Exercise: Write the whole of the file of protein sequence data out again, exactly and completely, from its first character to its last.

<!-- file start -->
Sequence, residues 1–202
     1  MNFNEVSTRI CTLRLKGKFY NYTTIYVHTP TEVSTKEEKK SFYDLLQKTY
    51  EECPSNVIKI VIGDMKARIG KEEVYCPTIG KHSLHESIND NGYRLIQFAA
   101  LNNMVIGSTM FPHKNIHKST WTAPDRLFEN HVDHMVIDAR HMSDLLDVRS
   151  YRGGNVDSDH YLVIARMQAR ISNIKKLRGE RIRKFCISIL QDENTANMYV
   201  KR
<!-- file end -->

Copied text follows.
Sequence, residues 1–202
     1  MNFNEVSTRI CTLRLKGKFY NYTTIYVHTP TEVSTKEEKK SFYDLLQKTY
    51  EECPSNVIKI VIGDMKARIG KEEVYCPTIG KHSLHESIND NGYRLIQFAA
   101  LNNMVIGSTM FPHKNIHKST WTAPDRLFEN HVDHMVIDAR HMSDLLDVRS
   151  YRGGNVDSDH YLVIARMQAR ISNIKKLRGE RIRKFCISIL QDENTANMYV
   201  KR